Airbnb calls Windsor's incoming short-term rental rules 'regressive and redundant'
Council directs staff to draft bylaw that would regulate short-term rentals
Windsor's short-term rental market is going to become more regulated after councillors directed staff at Monday's virtual council meeting to come up with rules for people running short-term rentals and create a draft bylaw by the end of the year.
The bylaw, which has drawn the ire of Airbnb, will have property owners attain a license and follow certain standards in order to rent out their spaces.
Airbnb operator Shannon Dumont says the short-term rental market in Windsor does need some oversight, though she wonders if people will actually comply with the rules.
"Licensing the good community partners is not going to stop what's going on with the nefarious owners ... so even if I voluntarily pay the fee or no fee or whatever it is, that's not going to stop the guy who's not getting the license," Dumont told CBC News.
She says the city needs guidelines for short-term rentals but is skeptical on how the city will enforce the rules it is looking to adopt.
"I'm eager to see what that draft by law is actually going to look like ... I hope that council will take into consideration that we are not Toronto, we are not as big as Toronto, but we also do need some kind of overseeing because I do find that there are some nefarious short-term [rental] owners out there," she said.
Ward 6 Counc. Jo-anne Gignac first introduced the issue to council back in 2017 and brought the draft bylaw motion to council Monday.
Gignac said the city will follow up on any complaints they hear within the community of someone who doesn't have a license and is operating a short-term rental. If that happens, Gignac said that person will be operating illegally and there will be follow-up.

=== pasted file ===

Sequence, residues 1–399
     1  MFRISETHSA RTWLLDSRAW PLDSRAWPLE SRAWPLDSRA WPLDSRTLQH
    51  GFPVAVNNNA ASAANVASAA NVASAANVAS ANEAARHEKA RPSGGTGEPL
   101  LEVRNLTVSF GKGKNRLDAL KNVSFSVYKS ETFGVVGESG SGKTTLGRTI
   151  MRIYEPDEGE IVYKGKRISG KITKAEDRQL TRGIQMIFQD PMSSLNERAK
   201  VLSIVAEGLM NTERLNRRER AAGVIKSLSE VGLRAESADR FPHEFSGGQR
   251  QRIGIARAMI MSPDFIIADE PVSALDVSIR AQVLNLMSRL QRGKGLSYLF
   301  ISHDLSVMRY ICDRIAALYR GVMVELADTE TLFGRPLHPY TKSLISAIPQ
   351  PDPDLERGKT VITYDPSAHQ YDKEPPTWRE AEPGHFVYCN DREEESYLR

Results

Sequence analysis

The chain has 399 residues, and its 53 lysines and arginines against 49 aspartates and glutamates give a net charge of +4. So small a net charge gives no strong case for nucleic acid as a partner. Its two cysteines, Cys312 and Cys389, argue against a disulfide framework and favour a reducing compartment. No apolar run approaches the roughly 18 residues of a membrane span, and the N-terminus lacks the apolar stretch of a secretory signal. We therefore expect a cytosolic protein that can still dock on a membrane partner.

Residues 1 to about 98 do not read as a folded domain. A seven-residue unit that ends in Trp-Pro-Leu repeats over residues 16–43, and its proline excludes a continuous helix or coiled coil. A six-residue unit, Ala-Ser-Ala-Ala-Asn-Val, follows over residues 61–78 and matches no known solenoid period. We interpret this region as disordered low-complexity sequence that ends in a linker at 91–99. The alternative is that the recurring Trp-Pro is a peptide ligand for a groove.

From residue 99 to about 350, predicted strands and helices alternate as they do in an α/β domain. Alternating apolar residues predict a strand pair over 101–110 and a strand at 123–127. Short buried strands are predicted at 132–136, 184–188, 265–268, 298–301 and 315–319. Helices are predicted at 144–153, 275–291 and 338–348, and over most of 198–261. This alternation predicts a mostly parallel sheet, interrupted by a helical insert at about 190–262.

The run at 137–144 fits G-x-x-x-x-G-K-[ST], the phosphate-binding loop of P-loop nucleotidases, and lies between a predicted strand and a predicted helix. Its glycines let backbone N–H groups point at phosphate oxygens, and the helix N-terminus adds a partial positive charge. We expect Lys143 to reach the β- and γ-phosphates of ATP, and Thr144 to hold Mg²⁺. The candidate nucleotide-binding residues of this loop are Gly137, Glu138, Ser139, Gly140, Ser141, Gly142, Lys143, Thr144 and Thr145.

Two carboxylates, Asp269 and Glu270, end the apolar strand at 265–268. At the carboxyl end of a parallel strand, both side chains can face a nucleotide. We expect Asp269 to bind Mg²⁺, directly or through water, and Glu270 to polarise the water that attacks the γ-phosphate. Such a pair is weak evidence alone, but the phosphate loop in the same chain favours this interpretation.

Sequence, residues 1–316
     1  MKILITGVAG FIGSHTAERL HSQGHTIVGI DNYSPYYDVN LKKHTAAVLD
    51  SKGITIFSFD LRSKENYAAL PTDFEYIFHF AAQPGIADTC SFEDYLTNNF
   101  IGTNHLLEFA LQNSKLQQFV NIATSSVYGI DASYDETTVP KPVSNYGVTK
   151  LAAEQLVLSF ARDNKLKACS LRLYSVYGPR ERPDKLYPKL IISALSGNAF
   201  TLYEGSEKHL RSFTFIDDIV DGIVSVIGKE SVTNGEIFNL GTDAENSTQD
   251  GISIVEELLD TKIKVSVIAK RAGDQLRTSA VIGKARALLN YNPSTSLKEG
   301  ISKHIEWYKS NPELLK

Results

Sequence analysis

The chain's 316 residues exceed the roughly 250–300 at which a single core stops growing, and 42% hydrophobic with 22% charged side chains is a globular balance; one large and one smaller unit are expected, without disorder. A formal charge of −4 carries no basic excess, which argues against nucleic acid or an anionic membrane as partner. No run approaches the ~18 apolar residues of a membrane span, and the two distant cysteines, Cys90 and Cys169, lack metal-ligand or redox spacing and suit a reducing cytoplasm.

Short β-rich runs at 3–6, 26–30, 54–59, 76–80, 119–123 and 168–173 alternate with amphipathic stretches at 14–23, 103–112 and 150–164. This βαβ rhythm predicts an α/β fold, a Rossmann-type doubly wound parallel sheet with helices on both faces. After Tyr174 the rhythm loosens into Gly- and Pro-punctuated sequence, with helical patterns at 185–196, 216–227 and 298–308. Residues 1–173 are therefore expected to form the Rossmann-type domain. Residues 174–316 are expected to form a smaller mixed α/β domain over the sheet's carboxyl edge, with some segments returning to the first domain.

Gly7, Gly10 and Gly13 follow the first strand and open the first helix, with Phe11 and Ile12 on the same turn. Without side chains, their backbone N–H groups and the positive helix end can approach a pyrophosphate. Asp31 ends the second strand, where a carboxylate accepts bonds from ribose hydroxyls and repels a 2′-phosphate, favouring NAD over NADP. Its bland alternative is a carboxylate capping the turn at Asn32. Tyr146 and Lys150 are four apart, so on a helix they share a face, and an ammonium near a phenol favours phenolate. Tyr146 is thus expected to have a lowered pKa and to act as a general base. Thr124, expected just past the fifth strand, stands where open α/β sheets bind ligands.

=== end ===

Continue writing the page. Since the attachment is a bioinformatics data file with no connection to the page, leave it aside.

"It's a start," she said of the motion passed Monday. "It will come back to council in a draft proposal [and] if there are components that councillors would like to see added to it, that will be our opportunity to do so."
City doesn't want 'ghost hotels'
Several Ontario municipalities have already implemented short-term rental regulations, including Toronto.
In order to understand the issues around short-term rentals, Windsor conducted in-person and online surveys to get feedback from residents. Based on that feedback, and after exploring models adopted by other cities in Ontario, the city decided to follow the rules set by Vaughan, just north of Toronto.
Vaughan's regulations say:
- Short-term rentals are permitted in most housing types.
- Annual licenses are required for short-term rental operators and are also issued to online platforms such as Airbnb.
- Short-term rental operators must obtain a vulnerable sector police record check.
- Owners must provide proof that the rental is their primary residence.
- Owners must obtain and maintain a $2 million liability insurance policy
- The rental must comply with both the building and fire code, with operators confirming and signing off on the licence application.
- Owners must allow any inspection of the rental deemed necessary by licensing authority and designates during reasonable hours, with no hindering or obstruction to these inspections.
Windsor would like people to provide proof that the rental is their primary residence to avoid "ghost hotels," where a house is being used for short-term rentals but the landlord or operator is not around.
Councillors also discussed if there should be a month-long cap for how long a person can stay in a short-term rental.
"A person should be allowed to stay longer, but it is the operator's choice and decision if he or she will accept longer than 28 days," Airbnb operator Raymond Quenneville said at the meeting. "But I do hope the councillors do take the time to maybe experience an Airbnb or visit one so that they can understand our needs and what we're trying to achieve."
Rules will have 'negative impacts,' says Airbnb
In a statement to CBC News, Airbnb public policy manager Nathan Rotman said the company is working with municipalities across Ontario, including Windsor.
"The draft bylaw that Windsor City Council has decided to pursue will have negative impacts on the visitor economy and local hosts," said Rotman, calling it a "regressive and redundant approach to regulating home sharing."
"We know that the majority of Airbnb hosts are regular people sharing their residential homes a few nights each month in order to help make ends meet. Now that Canadians are looking for more ways to explore the country, Airbnb can positively impact growth in tourism markets across Ontario and offer travellers more choice."
Gignac anticipates that a draft bylaw will be presented to the city by end of this year or early 2021.